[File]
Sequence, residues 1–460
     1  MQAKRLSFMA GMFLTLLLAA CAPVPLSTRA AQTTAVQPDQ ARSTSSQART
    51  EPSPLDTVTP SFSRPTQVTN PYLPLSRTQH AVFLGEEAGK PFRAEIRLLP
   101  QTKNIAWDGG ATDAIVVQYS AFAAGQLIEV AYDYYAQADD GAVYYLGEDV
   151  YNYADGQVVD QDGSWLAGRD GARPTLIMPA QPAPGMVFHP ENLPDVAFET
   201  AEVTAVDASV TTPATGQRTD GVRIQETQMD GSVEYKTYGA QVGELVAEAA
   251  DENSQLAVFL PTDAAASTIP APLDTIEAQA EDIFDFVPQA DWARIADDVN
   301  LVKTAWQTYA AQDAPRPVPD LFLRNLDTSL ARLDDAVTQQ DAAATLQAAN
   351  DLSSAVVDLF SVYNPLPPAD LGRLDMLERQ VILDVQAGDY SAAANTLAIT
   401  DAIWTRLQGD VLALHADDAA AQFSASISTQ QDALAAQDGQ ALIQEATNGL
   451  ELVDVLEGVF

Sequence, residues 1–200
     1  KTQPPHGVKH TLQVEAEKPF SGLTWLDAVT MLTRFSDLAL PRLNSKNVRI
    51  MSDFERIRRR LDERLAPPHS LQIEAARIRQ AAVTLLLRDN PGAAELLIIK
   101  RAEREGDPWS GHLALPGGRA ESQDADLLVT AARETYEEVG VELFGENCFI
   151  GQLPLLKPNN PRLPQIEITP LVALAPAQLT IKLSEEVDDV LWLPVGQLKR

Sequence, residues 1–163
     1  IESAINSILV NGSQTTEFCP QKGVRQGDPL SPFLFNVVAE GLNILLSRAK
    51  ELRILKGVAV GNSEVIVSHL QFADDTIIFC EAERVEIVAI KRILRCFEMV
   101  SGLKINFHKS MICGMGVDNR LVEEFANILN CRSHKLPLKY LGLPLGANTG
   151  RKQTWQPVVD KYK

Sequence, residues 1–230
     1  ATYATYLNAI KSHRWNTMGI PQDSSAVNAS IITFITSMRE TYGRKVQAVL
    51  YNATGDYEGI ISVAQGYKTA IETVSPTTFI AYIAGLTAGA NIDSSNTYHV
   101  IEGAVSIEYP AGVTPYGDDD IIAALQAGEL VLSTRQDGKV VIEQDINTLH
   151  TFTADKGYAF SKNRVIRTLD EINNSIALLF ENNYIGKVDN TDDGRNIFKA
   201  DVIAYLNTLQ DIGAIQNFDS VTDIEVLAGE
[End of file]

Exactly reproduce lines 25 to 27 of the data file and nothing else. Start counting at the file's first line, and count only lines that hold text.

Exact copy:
   101  IEGAVSIEYP AGVTPYGDDD IIAALQAGEL VLSTRQDGKV VIEQDINTLH
   151  TFTADKGYAF SKNRVIRTLD EINNSIALLF ENNYIGKVDN TDDGRNIFKA
   201  DVIAYLNTLQ DIGAIQNFDS VTDIEVLAGE